Accra, April 13, GNA - The Food and Drugs Board (FDB) on Tuesday cautioned the electronic media to refrain from airing unapproved advertisement or face court action.
The Board said this measure had become necessary because the media had persistently flouted the rules and regulations concerning advertisements on food and drugs.
Speaking at a meeting with General Managers and Marketing Officers of the Media Houses in Accra, Mr Emmanuel Agyarko, Chief Executive Officer of FDB, expressed his displeasure about daily advertisements on the electronic media, which were mostly filled with half-truth and deceit.
Mr Agyarko said most often, the media was only concerned with the money they got from such advertisements but refused to consider the safety of consumers, which was equally important.
He said current reports showed that more people were contracting liver and kidney diseases due to prolong use of herbal concoctions and that the FBD had no choice than to start prosecuting both advertisers and media houses that continued to "make noise about such products without regard to the law".
Mr Agyarko emphasized: "What every media house should do is to check whether any food or drugs brought to be advertised have been registered for consumption and approved by the FDB."
He said: "Radio stations should not be turned into consultation rooms where diseases are diagnosed and prescriptions made, because it is against the law to do so," adding that most pharmaceuticals had a huge potential of creating health problems.
Mrs Yvonne Nkrumah, FDB's Legal Consultant, who talked on the consequences of disregarding of the law, explained that, under the FDB's Law of 1992, PNDC Law 305, defaulters could be fined five million cedis or sentenced to two years' imprisonment or both.
She explained that the law did not permit advertisements of products or drugs or even cure for sexually transmitted diseases, diseases in connection with reproduction, hypertension and diabetes.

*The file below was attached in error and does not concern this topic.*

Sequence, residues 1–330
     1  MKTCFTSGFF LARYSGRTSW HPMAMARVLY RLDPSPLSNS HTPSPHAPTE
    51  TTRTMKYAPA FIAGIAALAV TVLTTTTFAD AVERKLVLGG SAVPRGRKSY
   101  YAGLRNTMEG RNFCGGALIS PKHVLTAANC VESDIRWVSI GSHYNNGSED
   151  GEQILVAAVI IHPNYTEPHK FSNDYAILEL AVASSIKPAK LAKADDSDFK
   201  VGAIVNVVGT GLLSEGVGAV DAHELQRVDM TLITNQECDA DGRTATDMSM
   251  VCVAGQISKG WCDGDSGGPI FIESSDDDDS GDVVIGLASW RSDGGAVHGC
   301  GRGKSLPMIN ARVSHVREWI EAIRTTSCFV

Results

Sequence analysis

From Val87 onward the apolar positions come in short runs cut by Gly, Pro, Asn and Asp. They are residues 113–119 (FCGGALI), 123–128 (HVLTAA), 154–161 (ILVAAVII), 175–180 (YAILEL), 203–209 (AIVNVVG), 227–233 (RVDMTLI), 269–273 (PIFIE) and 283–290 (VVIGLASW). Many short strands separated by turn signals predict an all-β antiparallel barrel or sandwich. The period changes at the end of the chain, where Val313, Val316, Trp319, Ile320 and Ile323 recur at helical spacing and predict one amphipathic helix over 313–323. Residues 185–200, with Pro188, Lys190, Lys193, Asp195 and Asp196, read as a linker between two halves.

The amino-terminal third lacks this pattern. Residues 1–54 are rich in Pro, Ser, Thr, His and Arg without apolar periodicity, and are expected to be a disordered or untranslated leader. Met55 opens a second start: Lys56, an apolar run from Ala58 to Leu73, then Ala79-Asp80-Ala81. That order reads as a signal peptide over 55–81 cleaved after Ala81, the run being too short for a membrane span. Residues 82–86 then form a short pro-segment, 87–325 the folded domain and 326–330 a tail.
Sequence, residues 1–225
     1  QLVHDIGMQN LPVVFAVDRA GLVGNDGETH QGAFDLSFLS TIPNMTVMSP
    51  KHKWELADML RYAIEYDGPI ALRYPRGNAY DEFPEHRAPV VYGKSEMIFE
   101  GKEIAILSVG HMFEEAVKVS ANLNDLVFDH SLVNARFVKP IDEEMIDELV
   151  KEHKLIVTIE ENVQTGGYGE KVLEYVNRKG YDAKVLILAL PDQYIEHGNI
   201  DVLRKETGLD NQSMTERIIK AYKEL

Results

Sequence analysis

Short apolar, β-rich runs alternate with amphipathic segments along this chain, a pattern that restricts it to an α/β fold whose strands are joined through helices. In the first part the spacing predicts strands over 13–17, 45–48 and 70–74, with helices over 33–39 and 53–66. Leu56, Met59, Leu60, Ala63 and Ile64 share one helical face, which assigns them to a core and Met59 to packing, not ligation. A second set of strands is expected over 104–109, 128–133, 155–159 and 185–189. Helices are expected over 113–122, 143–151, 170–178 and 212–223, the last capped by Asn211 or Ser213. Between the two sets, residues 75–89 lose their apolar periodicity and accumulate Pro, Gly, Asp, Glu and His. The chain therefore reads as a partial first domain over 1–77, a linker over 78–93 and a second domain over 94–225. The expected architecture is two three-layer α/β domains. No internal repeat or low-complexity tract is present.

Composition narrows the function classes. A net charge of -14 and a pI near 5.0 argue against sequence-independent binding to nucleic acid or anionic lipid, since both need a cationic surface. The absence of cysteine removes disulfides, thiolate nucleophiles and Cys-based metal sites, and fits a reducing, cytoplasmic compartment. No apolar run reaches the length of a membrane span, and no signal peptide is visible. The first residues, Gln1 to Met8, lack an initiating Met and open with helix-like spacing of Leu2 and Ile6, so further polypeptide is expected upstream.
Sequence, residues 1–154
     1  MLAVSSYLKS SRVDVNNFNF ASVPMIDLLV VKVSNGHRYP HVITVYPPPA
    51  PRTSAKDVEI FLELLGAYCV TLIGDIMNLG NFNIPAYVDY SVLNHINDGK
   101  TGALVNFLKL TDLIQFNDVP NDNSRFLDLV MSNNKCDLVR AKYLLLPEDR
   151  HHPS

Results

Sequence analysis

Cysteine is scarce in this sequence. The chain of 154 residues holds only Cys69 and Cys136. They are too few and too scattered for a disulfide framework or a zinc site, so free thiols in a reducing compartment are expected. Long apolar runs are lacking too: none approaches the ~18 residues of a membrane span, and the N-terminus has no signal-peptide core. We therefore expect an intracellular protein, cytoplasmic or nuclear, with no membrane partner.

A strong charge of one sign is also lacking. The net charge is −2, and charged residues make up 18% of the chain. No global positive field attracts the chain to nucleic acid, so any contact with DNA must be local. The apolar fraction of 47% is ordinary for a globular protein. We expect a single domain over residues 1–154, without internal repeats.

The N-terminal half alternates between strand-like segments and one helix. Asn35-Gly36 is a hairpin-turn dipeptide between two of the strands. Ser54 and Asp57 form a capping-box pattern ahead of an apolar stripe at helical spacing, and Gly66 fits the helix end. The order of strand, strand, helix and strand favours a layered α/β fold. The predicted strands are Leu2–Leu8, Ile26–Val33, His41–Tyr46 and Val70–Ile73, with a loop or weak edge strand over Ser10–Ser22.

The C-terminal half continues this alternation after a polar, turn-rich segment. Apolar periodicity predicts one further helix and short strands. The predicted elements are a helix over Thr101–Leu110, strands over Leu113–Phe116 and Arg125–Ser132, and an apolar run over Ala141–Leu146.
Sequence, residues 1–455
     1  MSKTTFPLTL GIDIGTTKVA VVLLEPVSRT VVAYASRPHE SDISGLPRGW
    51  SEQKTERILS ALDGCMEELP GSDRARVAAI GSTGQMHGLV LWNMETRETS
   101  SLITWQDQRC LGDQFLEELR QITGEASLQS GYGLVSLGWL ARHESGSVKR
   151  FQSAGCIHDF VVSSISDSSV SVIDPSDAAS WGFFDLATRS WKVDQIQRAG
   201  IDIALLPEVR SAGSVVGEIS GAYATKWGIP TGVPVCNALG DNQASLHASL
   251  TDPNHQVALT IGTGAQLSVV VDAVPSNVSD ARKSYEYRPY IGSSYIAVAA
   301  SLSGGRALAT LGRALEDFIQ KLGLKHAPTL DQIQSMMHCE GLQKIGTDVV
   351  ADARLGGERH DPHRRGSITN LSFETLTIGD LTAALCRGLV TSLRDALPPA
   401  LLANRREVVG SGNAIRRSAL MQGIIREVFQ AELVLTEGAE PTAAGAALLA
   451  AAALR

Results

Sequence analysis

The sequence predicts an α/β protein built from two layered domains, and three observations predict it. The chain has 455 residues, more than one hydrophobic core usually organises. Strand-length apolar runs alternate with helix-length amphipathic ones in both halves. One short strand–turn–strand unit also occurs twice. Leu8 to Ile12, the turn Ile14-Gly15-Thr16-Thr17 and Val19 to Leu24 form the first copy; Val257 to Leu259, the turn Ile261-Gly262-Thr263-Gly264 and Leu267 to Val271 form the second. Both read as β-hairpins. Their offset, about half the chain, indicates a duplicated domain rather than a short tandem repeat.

Mr Nkrumah, however, said it had not been the Board's intention to take such court action against the media, but rather come to amicable compromise to rectify the situation, "but we are being forced under the present circumstances to do so, so that we can protect the lives of the consuming public".
Mr Ben Botwe, Deputy Chief Executive, FDB noted that an Ad Hoc Committee had been set up by the Board to quicken the procedure of approving advertisement of products.
He, therefore, advised advertisers not to hesitate to bring their advertisements for approval since only registered products could be advertised on the air.
He said approval was given for only one year after which it could be renewed.
Mr George Mac Badji, Executive Secretary of the National Media Commission (NMC), said the Commission frowned on such advertisements and did not approve of it, since the health of the public was at stake. He, therefore, cautioned the media to be circumspect in their reportage especially where advertisements were concerned.
He noted that it was the duty of the FBD to protect consumers and that "asking advertisers for registration and approval forms of the FDB before their products were advertised, was not too much of a demand. Going contrary to this is unacceptable," Mr Badji said.
Mr Badji cautioned the media to work within the specified rules and regulations of the Commission: "The freedom of the media goes with responsibilities, and so in the interest of the nation let us work within the rules", he said.